a beefy italian


romano's tomatoes


When I walk my little dog every morning, there is a lovely old italian chap who brings his working pointer in for a bit of excercise and we almost always walk together and chat.

here's hoping


He is charming and always makes me laugh. He shoots, has a garden, an allotment and cooks all the time.  He is in fact a retired chef.  We always have long chats about food and what we were doing at the weekend and he has lead an incredibly interesting life.

Last year he gave me the most enormous italian beef tomato to dry for seeds to plant this year.  It was an italian beef variety that came from his home in italy where his mama still lives.

sliced beef tomatoes

I wasn’t very hopeful after drying them as they looked a but mouldy but I thought I’d chance it.  I planted them in old baked bean tins a few weeks ago and they are starting to sprout.  I am hopeful that they will look as lovely as these photos when they grown on.


sprouting tomato seedlings

I have labelled them Romano’s Tomatoes and I like to think of them as being a hansome juicy italian variety just like him!

kentish cobnut cake



kentish cobnuts


recently, we were given a small hemp bag that contained about 200g of kentish cobnuts.

They look very like hazelnuts and had I not been informed to the contrary, that is exactly what I would have thought they were.



shelled kentish cobnuts


Although unfamiliar to me, there is an association for these tasty little nuts where you can buy them, learn about them and become a member in support of them.  Who knew?

Surprisingly, the kentish cobnut association is not a source of recipes for the use of them, but a few searches on the internet meant I had some hints for making up my own recipe for using these nuts and managing with the contents residing in my kitchen cupboards.

the recipe I used isn’t a great leap from any other nut cake really, but these tasty nuts are perfect for making into muffins or a teatime sized cake for the family.  I have no doubt the following recipe can be improved upon & I welcome any suggestions in case we are lucky enough to get anymore cobnuts but it provided us with the perfect sweet finish to our lovely sunday afternoon.

kentish cobnut cake

175g self raising flour

1 teaspoon salt

100g of roasted kentish cobnuts (roasting instructions – 100º for 40 minutes or until they are hard and dark brown.  roasting them enhances their flavour)


the much darker shrunken roasted cobnuts


5 tablespoons of golden syrup

5 tablespoons of water

40g of butter

1 beaten egg

sift the flour and salt into a bowl, stir in the cobnuts.

make a well in the middle of the flour

place the syrup, butter and water into a pan and melt over a gentle heat

pour the mix into the well and beat into flour and nut mix.

add beaten egg and stir in thoroughly.



lovely sticky cake mix




lovely chinks of chopped roasted cobnuts in the cake mix


grease a cake tin or muffin cases and bake on 190ºc for about 20 minutes.



kentish cobnut cake


it is definitely worth the effort of roasting the nuts first to bring out the nutty flavour and the syrup keeps it sweet but moist (I sometimes use yoghurt in cake recipes to add moisture but you need sweetness too).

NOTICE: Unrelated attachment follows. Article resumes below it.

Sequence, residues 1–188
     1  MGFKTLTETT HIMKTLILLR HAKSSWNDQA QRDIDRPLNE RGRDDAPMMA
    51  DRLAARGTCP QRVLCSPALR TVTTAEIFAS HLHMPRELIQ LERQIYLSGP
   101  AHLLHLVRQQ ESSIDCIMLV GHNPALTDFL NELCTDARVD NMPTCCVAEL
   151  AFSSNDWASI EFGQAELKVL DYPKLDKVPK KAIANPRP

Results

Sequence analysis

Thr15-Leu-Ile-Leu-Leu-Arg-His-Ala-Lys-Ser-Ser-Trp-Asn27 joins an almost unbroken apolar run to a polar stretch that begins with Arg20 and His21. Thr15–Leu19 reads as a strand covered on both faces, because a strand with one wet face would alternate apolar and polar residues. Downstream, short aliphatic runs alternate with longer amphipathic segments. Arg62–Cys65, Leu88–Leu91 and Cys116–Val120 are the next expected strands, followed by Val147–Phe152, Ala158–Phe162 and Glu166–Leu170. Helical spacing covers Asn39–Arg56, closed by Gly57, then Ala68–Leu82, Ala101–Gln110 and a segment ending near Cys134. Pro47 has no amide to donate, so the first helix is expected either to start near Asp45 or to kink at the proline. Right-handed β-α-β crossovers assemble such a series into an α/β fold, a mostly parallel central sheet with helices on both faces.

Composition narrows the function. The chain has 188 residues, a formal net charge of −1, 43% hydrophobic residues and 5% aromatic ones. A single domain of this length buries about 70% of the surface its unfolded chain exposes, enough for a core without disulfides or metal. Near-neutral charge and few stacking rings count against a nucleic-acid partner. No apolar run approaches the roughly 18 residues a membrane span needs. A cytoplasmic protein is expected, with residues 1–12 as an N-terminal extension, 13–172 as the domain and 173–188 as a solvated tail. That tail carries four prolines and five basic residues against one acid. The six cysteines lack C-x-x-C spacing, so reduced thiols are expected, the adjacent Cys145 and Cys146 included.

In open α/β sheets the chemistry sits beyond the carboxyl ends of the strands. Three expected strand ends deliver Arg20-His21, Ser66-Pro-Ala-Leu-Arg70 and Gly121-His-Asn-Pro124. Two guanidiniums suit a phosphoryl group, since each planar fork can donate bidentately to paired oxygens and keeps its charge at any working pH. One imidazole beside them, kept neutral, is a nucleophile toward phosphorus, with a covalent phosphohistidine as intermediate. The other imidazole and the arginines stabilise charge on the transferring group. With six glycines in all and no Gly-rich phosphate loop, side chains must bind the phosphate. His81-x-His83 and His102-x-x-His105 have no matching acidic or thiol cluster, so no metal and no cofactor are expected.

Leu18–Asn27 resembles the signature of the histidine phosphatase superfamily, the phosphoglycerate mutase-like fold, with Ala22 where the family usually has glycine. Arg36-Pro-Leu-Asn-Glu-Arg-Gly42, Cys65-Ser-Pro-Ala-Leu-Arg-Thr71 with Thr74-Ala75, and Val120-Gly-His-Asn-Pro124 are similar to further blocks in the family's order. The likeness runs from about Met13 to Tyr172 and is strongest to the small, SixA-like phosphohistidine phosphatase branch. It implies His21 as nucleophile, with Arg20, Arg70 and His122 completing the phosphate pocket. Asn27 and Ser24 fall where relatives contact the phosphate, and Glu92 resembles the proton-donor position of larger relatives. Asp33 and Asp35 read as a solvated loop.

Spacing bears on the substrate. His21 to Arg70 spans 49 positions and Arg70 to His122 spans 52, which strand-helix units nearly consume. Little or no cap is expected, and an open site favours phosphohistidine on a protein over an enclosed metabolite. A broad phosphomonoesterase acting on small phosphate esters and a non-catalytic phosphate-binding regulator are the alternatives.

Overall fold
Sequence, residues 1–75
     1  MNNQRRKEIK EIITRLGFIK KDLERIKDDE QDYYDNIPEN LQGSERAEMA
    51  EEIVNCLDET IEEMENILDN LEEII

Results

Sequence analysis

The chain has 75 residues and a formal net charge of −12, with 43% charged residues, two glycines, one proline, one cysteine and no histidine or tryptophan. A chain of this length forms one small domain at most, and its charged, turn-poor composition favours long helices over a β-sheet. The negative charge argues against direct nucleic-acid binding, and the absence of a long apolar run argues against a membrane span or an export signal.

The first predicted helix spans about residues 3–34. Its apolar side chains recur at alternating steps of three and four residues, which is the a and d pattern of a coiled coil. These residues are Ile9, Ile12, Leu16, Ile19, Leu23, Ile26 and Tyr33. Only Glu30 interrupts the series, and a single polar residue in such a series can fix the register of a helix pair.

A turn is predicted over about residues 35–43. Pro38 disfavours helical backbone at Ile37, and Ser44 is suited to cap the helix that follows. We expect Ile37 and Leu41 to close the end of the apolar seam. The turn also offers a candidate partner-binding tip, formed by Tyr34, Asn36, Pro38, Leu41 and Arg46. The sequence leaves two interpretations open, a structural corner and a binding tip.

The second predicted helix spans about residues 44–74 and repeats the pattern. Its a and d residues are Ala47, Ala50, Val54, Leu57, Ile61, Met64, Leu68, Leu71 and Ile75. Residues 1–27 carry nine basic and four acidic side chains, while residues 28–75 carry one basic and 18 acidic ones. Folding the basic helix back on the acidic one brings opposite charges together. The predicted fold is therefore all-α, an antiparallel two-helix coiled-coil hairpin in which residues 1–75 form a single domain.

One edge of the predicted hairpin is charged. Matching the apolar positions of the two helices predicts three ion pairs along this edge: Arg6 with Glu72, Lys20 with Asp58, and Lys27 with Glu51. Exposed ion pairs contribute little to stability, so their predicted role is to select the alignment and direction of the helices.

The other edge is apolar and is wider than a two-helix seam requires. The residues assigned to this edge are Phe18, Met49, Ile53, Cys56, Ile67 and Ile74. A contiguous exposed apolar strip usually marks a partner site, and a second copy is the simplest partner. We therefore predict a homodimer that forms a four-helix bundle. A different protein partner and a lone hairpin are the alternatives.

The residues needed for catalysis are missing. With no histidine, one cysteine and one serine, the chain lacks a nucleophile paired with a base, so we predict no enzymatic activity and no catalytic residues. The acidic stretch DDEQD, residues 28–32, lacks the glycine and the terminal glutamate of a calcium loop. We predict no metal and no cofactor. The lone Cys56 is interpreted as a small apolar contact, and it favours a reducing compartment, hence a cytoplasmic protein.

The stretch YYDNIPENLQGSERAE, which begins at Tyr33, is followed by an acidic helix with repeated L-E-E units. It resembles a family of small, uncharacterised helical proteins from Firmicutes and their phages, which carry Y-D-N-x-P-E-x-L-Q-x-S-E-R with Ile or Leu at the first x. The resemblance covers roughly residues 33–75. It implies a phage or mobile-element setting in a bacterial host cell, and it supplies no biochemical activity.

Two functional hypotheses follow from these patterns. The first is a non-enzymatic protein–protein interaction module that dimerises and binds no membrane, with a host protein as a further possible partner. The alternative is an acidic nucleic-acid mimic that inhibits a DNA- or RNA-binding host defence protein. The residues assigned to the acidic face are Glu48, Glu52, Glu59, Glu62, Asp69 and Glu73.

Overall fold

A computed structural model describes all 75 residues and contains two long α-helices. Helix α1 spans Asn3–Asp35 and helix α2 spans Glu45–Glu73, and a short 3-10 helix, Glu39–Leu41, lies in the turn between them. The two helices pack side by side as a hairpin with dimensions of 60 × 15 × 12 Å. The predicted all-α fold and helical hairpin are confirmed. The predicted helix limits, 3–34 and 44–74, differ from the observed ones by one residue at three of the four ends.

this is a delicious cake and equally good with cheese as with a cup of tea for a mid morning snack.

jamming lessons



jars of jam


I needed to empty my freezer of some of the spare fruit stashed in there.  This stash takes the form of brambles (blackberries), elderberries, damsons and plums so I decided to make more jam to add to my burgeoning supplies.

jam on toast

My stash is becoming hugely diverse in flavours be it jams or chutneys and comes in such mixes as melon and orange, marrow and ginger, plain old plum, damson, bramble and apple, apple and lavender jelly, beetroot chutney or apple and plum chutney but I am always on the scrounge for new ingredients that I can put in my maslin pan and I am always looking out for new recipes to pique a bit of pallet interest.

I love the concept of one pot cooking, be it casseroles, rissotttos, soups or anything else that effectively involves chucking (in an orderly and timely fashion of course) all your ingredients into a big cauldron (ah, there is something in that) so jam making is right up my street.

marrow and ginger jam

I only really started making Jams last year but since I am never more delighted than when receiving a culinary treat, it inspires me to make similar and I just love the personal touch a foody gift has especially when you present it to a generous host (along with the requisite gallons and gallons of wine!).

I read somewhere recently that the only thank you a guest should arrive with is an edible or quaffable one!!  I couldn’t agree more.

bramble and elderberry jam

Anyway today it was to be bramble and elderberry jam, damson jam and damson and plum jam.


The bramble and elderberry was a treat and tastes divine, not to mention the amazing colour.

Some of the damsons had been stoned in the vein hope that I might make a pudding (not something I do with any kind of regularity, I’m afraid, and probably to the disappointment of most people who sit around our table to be fed!).


sweet plums


I did learn a jamming lesson today though and that is:- the pectin from plum stones is invaluable and removing the stones before cooking makes the setting process a lot harder, especially if you are like me and prefer to use natural sources of pectin to adding it from a packet.


Plum and Orange Jam

stoned plums

I already have 3 or so jam types in the cupboard that are made from different plum varieties so I wanted to vary the flavour slightly and having made honeydew melon marmalade that I love, I thought that orange might be an interesting addition.

It’s amazing what you can find when you ask a search engine for a jam recipe using plums and oranges!!!

stoned plums and stones in muslin

This recipe is based on the allotment growing recipes portfolio for plum recipes and is as follws:-


2 orange

2kg of plums (I used victoria plums)

juice of 2 lemons

1kg of jam sugar

One thing that I have learned very quickly from my limited jam making is that I don’t like using the equivalent in sugar to fruit weight.  It makes it too sweet for my tastes so I halve it.

basic ingredients


Peel orange and set peel aside, chop up orange pulp removing pips and any pith that is too much.

Simmer for 10 minutes with peel in with pulp. Set aside.

Cook plums until soft and the lumps have broken down.

Add orange in and sugar.

Bring to the boil and boil hard until setting point is achieved.

Transfer to sterilized jars.  Cool and label.

plum stones in muslin